13. Roll out this chunk into a long snake about 1/2" thick
  14. Cut the snaked dough into 1" segments, these will be the dumplings
  15. If you would like, there are a few techniques you can use to get the traditional gnocchi shape (ridges) that help to keep the dumpling covered in whatever sauce you serve them with. I use a gnocchi paddle, which you can pick up at a specialty culinary store; or you can just use the back side of a fork. This is kind of a tricky procedure to explain without pictures, so search for "shaping gnocchi" in Google to see how it's done.
  16. And that's it for the dumplings themselves. You can use them in place of traditional pasta in many dishes. If you do not use them right away, they freeze very well.

Cherry Tomato and Pancetta Sauce

  • Red onion, finely sliced
  • Garlic, minced
  • Pancetta, chopped into 1/8" chunks
  • Cherry tomatoes
  • Basil, fresh
  • Oregano, fresh
  • Chianti
  1. In a large pan, sauté the onion and garlic in a bit of extra virgin olive oil until tender
  2. Add the pancetta and sauté for about 5 minutes
  3. Add the whole cherry tomatoes to the pan
  4. Reduce heat to medium low and cover, stirring occasionally to prevent the ingredients from sticking to the pan
  5. The tomatoes will begin to soften and burst after a few minutes
  6. When the tomatoes have formed a nice sauce, add the fresh basil and oregano and mix well
  7. Add some chianti to the sauce and scrape up any pieces that may have gotten stuck to the bottom of the pan
  8. Simmer the sauce until slightly reduced
  9. Best served immediately over gnocchi (44).

Pad Thai

Hey all!

This is an interpretation of a Thai pasta dish that Becky and I created one night for dinner, not knowing it would turn out so well!

  • Linguine pasta
  • Raw shrimp
  • Snow peas
  • Raw peanuts
  • 2 cloves garlic, minced
  • 1 T red pepper flakes
  • 4 scallions, chopped
  • 3 T lime juice
  • 2 T cilantro
  • 5 fresh basil leaves, finely chopped
  • 6 oz bean sprouts
  • 3 T peanut satay sauce (look in the foreign foods section of the supermarket, or at any Asian market)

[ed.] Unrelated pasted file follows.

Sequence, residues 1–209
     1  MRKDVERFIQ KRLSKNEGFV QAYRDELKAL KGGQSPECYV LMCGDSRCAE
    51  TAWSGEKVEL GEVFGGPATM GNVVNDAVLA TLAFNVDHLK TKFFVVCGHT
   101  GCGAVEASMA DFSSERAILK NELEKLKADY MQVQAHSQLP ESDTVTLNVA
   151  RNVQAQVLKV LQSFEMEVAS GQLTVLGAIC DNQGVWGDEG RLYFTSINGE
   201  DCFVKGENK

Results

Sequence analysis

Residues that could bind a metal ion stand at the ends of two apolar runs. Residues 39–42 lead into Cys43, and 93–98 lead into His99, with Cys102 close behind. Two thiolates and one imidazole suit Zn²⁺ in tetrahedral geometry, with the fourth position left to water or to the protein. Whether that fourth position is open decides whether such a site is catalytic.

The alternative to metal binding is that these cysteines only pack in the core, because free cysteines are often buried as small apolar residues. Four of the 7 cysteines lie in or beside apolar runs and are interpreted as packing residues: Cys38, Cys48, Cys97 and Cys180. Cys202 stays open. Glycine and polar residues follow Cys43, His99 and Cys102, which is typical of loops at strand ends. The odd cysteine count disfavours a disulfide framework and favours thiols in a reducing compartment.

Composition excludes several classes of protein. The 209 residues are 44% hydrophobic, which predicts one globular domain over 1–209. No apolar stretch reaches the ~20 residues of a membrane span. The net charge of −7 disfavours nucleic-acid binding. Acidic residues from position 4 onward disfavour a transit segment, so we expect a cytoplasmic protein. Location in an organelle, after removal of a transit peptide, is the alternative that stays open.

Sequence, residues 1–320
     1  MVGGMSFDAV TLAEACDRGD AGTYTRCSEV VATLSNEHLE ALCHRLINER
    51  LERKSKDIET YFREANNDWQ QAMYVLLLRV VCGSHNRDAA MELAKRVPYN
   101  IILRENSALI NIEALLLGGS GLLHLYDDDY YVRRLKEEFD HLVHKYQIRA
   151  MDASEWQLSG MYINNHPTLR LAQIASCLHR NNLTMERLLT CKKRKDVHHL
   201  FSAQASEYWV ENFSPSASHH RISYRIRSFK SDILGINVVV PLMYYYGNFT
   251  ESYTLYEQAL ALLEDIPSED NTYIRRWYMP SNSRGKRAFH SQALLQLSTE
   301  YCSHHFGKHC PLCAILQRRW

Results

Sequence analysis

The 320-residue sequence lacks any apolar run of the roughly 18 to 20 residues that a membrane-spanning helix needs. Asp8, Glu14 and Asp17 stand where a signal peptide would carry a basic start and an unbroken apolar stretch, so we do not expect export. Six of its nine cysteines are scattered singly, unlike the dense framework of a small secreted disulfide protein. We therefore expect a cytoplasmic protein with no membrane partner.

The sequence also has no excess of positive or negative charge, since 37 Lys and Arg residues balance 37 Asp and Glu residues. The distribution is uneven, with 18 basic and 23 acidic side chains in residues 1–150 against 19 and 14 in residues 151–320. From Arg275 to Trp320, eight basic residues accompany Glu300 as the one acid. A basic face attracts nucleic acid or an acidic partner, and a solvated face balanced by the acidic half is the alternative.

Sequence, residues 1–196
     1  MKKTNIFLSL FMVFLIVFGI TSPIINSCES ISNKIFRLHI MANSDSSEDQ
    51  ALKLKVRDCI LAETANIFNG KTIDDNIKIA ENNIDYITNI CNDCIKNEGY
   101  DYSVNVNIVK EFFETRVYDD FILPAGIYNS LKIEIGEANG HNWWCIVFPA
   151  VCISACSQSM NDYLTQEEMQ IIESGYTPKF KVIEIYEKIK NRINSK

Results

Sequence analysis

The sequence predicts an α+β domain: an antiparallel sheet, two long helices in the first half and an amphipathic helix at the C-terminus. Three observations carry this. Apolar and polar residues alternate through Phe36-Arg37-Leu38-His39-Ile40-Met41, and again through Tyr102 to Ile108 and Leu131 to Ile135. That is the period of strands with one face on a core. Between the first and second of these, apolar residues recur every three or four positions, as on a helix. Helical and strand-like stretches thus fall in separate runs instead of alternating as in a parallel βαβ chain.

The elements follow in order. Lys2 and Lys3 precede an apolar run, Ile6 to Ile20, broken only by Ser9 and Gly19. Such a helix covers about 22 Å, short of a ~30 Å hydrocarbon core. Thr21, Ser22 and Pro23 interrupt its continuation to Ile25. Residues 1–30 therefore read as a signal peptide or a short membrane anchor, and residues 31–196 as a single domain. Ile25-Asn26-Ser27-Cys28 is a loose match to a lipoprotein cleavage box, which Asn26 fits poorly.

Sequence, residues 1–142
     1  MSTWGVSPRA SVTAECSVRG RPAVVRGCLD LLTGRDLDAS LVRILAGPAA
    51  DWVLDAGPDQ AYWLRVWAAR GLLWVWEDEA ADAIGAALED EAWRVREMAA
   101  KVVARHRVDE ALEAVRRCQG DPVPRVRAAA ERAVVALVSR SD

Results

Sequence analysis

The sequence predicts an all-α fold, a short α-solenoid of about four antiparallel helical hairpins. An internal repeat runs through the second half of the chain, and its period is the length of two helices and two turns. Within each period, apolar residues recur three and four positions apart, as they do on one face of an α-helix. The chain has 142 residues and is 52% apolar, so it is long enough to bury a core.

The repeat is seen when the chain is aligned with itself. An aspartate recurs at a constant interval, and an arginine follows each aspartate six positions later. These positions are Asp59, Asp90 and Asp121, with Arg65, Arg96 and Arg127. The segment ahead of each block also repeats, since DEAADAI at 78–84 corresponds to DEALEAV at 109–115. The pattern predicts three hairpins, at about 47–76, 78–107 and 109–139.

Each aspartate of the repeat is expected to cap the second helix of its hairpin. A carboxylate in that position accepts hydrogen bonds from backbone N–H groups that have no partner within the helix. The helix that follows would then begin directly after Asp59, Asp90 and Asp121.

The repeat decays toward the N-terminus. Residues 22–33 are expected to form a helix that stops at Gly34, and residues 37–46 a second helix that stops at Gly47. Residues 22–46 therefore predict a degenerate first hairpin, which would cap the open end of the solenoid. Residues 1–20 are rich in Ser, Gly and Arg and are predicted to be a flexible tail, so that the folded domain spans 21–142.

• Splash of white wine
  • 1 Egg


  1. Cook linguine al dente
  2. In a wok (or large frying pan) add a splash of olive oil
  3. When oil is hot add shrimp and cook until pink
  4. Add handful of snow peas and a couple small handfuls peanuts
  5. After 2 – 4 minutes add the garlic, red pepper flakes and scallions and cook until scallions have softened
  6. By this time, the peanuts should be nice and toasty so add the lime juice, cilantro, basil leaves, bean sprouts, satay sauce and wine
  7. Mix thoroughly
  8. To finish, crack the egg over all ingredients and mix well, scrambling the egg
  9. Add the linguine, giving a few good tosses and serve immediately
Peas out!

Gołąbki (Golumpkies)

Originally sent November 1, 2008

Hey all!

A few weeks ago I got a huge craving for golumpkies (Polish stuffed cabbage rolls). I don't know where the craving came from, to be honest, since I've only had them a handful of times in my life. But there it was, a nagging growl in my stomach begging for slightly spicy, seasoned meat rolled in a steamed cabbage leaf covered in a thin tomato sauce... Mmm... Not to mention the fact that they actually came up a couple times in casual conversation recently. Everything seemed to be pointing me in the same direction, so finally I succumbed to the cravings and came up with the following recipe.